The U.S. Agency for International Development (USAID) is re-orienting itself around the concept of "self-reliance," or a country's ability to plan, finance, and implement solutions to solve its own development challenges. In this presentation, USAID Administrator Mark Green will lay out the Agency's new Journey to Self Reliance initiative and the tools that will ensure programs effectively support a country’s development journey so we can move closer to the day that foreign assistance is no longer needed. The presentation will be followed by a conversation between Administrator Green and Concordia CEO Matt Swift.
Recent disasters illustrate the ever-growing threat from climate change and other shocks to vulnerable communities around the world. While the global community recognizes the importance of preparedness and adaptation, effective community-level resilience requires local action. This session, developed and hosted in partnership with Americares, will challenge the public and private sectors, and civil society, to work together to advance preparedness at the local level and help high-risk communities become more resilient.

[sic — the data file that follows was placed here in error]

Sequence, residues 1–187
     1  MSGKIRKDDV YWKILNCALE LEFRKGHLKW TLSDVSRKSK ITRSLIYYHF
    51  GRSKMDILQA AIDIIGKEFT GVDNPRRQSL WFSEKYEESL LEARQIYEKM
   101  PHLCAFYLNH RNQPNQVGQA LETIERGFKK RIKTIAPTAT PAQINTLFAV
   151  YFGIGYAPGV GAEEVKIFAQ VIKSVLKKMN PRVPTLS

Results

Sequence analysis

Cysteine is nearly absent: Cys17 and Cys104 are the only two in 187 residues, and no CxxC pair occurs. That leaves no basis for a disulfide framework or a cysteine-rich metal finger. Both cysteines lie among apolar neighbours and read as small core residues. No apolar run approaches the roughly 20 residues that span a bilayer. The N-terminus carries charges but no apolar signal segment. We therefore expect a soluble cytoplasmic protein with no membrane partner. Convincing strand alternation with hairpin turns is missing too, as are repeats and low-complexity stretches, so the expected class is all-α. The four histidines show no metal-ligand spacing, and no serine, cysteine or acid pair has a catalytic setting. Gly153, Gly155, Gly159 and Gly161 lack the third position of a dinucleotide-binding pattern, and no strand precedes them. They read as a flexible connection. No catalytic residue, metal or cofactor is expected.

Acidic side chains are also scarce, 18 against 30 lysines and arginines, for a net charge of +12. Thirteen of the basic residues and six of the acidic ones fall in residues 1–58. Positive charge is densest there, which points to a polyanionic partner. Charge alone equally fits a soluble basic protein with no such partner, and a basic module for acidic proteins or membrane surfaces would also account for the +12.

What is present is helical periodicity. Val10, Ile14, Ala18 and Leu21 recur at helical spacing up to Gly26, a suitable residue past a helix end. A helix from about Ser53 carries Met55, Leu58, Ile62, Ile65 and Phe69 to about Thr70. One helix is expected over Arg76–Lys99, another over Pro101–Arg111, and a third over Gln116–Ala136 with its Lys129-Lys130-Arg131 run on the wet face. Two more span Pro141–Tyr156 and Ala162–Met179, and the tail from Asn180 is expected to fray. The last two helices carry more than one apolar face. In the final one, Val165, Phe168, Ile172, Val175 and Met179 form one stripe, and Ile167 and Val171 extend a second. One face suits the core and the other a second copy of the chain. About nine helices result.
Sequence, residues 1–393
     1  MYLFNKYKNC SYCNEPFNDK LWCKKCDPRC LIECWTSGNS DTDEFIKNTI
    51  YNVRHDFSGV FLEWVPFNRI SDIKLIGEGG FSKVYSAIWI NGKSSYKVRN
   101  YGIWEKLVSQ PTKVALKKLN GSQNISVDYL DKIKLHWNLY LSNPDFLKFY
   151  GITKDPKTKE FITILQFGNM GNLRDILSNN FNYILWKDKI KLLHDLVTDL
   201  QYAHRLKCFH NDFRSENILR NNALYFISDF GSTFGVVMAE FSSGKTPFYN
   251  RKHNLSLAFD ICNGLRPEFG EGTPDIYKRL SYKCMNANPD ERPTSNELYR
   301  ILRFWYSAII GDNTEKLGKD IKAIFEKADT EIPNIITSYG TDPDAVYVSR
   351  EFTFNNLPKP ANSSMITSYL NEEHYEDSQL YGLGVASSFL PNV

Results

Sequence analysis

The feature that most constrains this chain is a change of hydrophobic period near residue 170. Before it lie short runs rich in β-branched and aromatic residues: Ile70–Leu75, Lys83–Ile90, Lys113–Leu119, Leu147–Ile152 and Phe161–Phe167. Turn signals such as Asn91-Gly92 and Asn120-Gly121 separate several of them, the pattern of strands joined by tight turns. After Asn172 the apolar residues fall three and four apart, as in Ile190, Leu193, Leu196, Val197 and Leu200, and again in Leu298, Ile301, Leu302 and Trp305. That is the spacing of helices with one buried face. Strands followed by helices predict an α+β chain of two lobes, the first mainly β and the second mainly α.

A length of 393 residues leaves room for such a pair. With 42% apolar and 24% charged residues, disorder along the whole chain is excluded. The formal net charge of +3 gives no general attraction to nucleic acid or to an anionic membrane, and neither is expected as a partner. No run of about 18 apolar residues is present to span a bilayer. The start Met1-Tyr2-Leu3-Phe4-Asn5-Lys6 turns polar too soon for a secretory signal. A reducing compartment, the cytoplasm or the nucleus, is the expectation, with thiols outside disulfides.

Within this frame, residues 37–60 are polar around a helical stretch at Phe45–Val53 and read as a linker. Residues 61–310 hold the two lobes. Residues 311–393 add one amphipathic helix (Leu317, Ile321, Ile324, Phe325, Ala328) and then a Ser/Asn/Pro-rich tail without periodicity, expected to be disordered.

The Kingdom of Saudi Arabia is undergoing significant modernization with women’s empowerment at the forefront of the reform agenda. Social restrictions have been loosened and bans on cinemas and women driving have been lifted. The Kingdom is now reform-driven and focused on implementing Vision 2030. The session will explore how a more liberal gender agenda can benefit Saudi Arabia, and how local foundations such as Alwaleed Philanthropies are supporting this reform. Looking at the efforts being made, and the progress that has been achieved throughout the years, HRH Princess Lamia and Amb. Dobriansky will discuss how partners can encourage this change, and the areas that should be prioritized to support further progress.